If you read the TfL page about this that's exactly what they say their plan is - more track barriers, and allowing "current drivers to work for the rest of their careers". Of course I doubt the RMT will be willing to see itself slowly fade into the sunset via natural ageing, but they don't want to push it too far. London Underground engineering is incredibly efficient, they pack a lot of maintenances into the 3-4 hour engineering hours they get each night (the Tube never really shuts down per se). A lot of the upgrades require rehearsals in mockups of the stations, timing is so tight. If there was a sustained strike then a crapton of automation upgrades could be completed quite quickly.

Comment: Re:Or howabout IMAP? (Score 2) 74

by IamTheRealMike (#48097219) Attached to: Gmail Security Is a Problem For Tor Users In Repressive Countries

More generally, 2-step authentication disables the risk analysis based login security. If you set up 2SV then you can use your account via Tor.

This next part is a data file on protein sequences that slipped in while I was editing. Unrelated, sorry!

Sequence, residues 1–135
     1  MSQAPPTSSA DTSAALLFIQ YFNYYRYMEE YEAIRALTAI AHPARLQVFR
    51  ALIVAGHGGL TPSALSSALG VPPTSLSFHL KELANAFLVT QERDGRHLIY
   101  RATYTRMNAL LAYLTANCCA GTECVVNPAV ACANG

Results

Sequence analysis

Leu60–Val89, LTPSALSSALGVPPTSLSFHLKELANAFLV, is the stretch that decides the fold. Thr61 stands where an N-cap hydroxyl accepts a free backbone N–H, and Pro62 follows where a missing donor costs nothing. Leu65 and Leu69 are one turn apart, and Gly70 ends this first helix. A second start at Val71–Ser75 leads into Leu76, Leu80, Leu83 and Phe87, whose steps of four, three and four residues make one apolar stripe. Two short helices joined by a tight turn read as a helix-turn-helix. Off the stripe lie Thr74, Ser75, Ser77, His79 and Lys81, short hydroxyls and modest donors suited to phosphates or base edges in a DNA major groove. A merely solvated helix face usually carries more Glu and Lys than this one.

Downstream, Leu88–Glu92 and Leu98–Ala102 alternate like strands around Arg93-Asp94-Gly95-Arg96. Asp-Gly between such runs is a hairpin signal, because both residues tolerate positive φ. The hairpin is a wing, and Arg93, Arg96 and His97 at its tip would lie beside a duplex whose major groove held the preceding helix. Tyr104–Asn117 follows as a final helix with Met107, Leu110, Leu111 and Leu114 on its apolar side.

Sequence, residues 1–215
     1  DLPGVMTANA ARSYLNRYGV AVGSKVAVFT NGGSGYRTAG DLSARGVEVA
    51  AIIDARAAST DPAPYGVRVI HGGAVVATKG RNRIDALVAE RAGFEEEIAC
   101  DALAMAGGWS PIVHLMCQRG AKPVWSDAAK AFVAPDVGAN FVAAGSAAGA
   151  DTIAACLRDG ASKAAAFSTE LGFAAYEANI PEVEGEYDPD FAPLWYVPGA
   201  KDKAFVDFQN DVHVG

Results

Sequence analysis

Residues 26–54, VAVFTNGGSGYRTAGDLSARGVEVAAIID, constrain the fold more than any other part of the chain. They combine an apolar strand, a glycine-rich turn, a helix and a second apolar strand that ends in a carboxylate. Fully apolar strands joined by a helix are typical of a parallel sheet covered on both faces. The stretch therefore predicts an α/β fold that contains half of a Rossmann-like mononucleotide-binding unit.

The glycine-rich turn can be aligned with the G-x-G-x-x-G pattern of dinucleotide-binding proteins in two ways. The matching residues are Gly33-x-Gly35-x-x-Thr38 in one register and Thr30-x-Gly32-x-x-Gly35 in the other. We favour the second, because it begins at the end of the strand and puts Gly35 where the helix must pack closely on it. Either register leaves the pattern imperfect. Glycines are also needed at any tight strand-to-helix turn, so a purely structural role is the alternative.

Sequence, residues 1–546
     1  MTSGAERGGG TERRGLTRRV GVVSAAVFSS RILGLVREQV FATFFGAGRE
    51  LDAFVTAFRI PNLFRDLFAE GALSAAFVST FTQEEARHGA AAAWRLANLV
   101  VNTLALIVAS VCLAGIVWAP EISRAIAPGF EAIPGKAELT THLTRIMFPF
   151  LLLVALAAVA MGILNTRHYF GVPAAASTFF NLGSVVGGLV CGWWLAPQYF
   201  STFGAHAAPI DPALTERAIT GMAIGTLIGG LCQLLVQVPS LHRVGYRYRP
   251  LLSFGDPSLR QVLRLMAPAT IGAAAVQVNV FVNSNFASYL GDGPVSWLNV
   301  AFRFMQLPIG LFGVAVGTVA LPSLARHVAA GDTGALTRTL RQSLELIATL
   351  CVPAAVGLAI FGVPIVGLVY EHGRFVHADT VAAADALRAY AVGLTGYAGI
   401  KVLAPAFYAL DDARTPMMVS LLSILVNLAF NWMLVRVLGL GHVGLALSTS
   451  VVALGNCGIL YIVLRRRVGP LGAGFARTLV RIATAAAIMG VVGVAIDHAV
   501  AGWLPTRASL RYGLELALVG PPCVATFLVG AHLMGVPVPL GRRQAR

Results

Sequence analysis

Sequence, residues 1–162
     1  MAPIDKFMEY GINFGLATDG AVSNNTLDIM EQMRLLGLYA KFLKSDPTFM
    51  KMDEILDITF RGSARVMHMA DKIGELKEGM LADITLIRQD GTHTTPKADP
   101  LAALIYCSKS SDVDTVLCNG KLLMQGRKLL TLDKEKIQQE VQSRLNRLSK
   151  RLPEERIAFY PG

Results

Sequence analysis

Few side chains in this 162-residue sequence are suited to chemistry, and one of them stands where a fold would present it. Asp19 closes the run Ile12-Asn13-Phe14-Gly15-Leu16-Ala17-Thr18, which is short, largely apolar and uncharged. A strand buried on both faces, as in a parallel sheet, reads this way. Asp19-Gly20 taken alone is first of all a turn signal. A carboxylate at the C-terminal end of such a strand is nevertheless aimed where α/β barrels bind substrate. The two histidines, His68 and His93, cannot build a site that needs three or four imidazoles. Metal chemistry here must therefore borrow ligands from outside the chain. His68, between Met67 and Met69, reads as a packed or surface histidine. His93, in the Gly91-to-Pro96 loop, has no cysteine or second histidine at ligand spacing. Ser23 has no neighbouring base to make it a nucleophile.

However, note that - as observed in a comment below - you cannot create a Gmail account via Tor without passing phone verification. Thus if you're logging in to a Gmail account via Tor successfully that probably means it was created outside of Tor and so has some non-Tor IPs associated with it at some point.

The key point is that email and Tor don't mix, for obvious spam reasons. It's not a Google specific thing. People may wish to look into Pond, a secure messaging service designed to be used via Tor from beginning to end.

Comment: Re:it solves some unicode issues (Score 4, Interesting) 765